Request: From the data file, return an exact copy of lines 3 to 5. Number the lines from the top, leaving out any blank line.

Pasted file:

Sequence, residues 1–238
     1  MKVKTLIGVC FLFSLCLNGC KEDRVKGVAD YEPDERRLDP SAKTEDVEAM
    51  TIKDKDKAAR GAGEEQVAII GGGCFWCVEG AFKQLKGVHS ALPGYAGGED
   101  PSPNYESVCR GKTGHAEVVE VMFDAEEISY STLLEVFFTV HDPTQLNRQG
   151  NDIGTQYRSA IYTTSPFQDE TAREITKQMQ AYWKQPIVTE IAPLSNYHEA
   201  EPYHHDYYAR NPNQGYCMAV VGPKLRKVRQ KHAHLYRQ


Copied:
    51  TIKDKDKAAR GAGEEQVAII GGGCFWCVEG AFKQLKGVHS ALPGYAGGED
   101  PSPNYESVCR GKTGHAEVVE VMFDAEEISY STLLEVFFTV HDPTQLNRQG
   151  NDIGTQYRSA IYTTSPFQDE TAREITKQMQ AYWKQPIVTE IAPLSNYHEA